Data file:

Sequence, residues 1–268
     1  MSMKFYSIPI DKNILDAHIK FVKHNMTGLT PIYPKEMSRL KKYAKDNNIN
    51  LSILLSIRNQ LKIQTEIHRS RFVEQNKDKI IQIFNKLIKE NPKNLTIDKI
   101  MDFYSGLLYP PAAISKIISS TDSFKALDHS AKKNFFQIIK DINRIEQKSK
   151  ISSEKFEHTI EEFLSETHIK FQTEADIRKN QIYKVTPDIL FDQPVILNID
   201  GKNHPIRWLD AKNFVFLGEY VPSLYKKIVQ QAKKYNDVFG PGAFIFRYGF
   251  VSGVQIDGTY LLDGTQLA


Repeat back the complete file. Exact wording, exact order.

Sequence, residues 1–268
     1  MSMKFYSIPI DKNILDAHIK FVKHNMTGLT PIYPKEMSRL KKYAKDNNIN
    51  LSILLSIRNQ LKIQTEIHRS RFVEQNKDKI IQIFNKLIKE NPKNLTIDKI
   101  MDFYSGLLYP PAAISKIISS TDSFKALDHS AKKNFFQIIK DINRIEQKSK
   151  ISSEKFEHTI EEFLSETHIK FQTEADIRKN QIYKVTPDIL FDQPVILNID
   201  GKNHPIRWLD AKNFVFLGEY VPSLYKKIVQ QAKKYNDVFG PGAFIFRYGF
   251  VSGVQIDGTY LLDGTQLA